–In the stations, escalators going up are operating, but people are expected to descend to the platform on their own. Elevators are kept operating, though, for people who genuinely have difficulty climbing stairs.

–Although many stores in Tokyo are closed or at least partially shut down, the cosmetics counters on the first floor of department stores, where some of Tokyo’s most attractive ladies man the stands, are open for business. A morale booster, clearly.

–Gasoline is being rationed, which everyone understands. By lining up early in the morning at the stand at the bottom of the hill, we were able to get 12 liters–maybe four gallons. But in Tokyo the trains take us wherever we want. In the rural disaster area, people can’t get anywhere without a car. They may have to drive 30 kilometers for gasoline.

–We have heard of a family living uncomfortably close to the endangered power plants evacuating to Yokohama. A family of eight in a car driving 150 miles.

–We learned a few days ago that radiation has been detected in shipments of spinach. In its determination to provide everyone with as much information as possible, NHK shows a map of the ten prefectures in question, with the precise level of radiation one could expect in the spinach from each prefecture.

–“Foreigners” seeing videos of residents of Tokyo wearing white face masks might think they are protection against radiation. No, it’s protection against hay-fever pollen.

–There are far fewer ads in the trains and stations than usual, although beer ads celebrating the coming of spring (tra la) are plentiful.

My mother adds that she had to give up on getting milk at the local grocery store because the line was too long. Milk supplies are down because radiation contamination has impacted the supply. The local department store was only open from 4pm until 7pm as they were trying to save on electricity and she recently had to line up at 6am to get gasoline for the family car which is being rationed out to just 10 liters/car.

—– 0 —–

Meanwhile, I read in local press that the Finns have moved the seven staff in their Tokyo office down south with the Danes in their Hiroshima offices. This move was prompted, in a historic twist of irony, to avoid potential nuclear fallout from the reactors in Fukushima.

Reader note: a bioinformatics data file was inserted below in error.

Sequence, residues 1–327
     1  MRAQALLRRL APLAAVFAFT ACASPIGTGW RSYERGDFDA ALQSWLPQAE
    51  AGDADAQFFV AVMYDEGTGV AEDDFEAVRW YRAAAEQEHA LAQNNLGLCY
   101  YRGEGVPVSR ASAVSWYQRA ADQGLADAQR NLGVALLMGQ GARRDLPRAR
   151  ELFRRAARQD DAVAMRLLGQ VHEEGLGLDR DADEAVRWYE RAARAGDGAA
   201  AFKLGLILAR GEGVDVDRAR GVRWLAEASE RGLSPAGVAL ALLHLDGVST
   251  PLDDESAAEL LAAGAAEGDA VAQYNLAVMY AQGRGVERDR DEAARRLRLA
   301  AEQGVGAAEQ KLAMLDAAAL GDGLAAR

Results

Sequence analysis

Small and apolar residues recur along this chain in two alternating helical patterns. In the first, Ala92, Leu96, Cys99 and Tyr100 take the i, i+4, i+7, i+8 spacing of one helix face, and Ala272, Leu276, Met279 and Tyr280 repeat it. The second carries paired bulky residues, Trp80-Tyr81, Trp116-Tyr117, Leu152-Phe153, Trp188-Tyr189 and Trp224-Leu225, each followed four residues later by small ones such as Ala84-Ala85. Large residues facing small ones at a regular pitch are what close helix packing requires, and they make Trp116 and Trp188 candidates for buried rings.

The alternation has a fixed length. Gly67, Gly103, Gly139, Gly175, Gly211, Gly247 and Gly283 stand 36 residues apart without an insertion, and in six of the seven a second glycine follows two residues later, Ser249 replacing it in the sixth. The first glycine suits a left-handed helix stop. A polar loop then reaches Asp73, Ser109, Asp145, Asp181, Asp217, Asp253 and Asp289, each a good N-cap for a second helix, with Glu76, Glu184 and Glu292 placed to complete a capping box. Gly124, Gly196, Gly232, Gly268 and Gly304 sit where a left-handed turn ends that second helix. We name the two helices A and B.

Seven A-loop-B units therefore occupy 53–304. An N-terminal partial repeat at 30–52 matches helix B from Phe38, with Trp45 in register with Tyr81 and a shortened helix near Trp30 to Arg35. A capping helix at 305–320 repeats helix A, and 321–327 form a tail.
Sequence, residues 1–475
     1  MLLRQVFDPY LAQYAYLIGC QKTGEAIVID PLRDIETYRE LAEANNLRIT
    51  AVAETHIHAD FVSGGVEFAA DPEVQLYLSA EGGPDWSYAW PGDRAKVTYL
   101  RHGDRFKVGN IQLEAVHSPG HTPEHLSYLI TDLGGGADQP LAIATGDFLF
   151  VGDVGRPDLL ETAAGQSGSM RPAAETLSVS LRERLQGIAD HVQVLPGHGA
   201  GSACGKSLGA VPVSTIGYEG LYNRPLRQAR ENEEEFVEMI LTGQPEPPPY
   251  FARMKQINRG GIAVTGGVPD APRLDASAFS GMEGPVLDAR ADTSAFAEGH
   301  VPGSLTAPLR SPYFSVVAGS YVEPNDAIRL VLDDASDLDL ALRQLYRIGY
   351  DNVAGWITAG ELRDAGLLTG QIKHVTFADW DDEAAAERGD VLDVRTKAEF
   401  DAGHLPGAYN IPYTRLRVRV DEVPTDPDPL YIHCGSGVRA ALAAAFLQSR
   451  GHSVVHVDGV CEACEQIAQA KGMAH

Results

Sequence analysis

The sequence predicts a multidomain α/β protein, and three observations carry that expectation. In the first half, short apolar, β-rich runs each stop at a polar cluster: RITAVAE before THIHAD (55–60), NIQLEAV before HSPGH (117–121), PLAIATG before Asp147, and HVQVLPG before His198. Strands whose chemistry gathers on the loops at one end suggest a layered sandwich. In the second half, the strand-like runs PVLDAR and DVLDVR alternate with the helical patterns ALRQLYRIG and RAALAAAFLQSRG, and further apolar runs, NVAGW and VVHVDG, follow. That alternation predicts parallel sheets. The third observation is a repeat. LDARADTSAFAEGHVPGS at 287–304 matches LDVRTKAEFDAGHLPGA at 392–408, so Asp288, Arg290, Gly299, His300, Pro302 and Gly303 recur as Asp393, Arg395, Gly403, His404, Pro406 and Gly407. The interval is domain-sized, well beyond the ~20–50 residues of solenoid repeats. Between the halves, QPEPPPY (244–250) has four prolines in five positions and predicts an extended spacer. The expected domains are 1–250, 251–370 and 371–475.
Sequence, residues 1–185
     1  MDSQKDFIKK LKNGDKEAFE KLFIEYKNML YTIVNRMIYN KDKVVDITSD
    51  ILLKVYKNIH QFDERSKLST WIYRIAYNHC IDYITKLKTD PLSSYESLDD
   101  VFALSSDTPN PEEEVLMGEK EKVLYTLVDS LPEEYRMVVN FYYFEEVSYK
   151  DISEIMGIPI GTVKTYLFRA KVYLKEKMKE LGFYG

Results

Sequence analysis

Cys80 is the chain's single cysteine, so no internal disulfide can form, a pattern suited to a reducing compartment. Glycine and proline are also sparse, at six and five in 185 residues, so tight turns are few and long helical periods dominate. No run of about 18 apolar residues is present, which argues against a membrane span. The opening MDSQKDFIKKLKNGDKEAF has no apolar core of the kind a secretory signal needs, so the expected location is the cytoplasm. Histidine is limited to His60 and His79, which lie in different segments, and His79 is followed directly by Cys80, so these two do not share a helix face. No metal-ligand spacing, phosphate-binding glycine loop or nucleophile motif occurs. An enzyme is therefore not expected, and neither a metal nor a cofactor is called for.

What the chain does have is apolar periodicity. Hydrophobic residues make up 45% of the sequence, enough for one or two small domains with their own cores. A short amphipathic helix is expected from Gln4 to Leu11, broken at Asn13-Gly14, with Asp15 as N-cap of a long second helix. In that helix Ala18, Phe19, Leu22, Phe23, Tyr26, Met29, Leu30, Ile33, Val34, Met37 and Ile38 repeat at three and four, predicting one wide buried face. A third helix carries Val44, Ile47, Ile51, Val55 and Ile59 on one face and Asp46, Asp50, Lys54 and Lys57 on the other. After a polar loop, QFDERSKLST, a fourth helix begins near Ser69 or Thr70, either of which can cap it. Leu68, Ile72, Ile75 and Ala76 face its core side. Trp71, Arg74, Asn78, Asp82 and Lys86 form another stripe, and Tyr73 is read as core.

Letter from Tokyo

My father just sent an email yesterday to my sister and I describing the situation in Tokyo. Knowing how everything runs like clockwork in that city, it’s even more striking how the country adapts when they have to improvise.

Tokyo Tower, bent following earthquake

Four days after the quake we are still feeling aftershocks. We’ve received over sixy aftershocks so far and clearly there are more to come. We have learned another is on the way when the hanging drawer-pulls of the bureau begin to tinkle. But you know, after a while it all begins to lapse into a routine, especially as no one here ever gets excited and the Japanese instinct to rally round is inbred.

Mikie and I are a couple hundred kilometers south of the scenes of devastation you’ve seen on TV and we’re on a hill, so we’re pretty safe, I guess. We are told, though, that we should expect another follow-up quake and the ensuing tsunami.

There has been little damage in Tokyo, although the radio aerial at the tip of Tokyo Tower was bent. A number of multi-story stores in downtown Tokyo have closed to make sure their structure has not been damaged, although their (disposable?) clerks behind the information counter on the first floor remain on duty to apologize to customers for the inconvenience.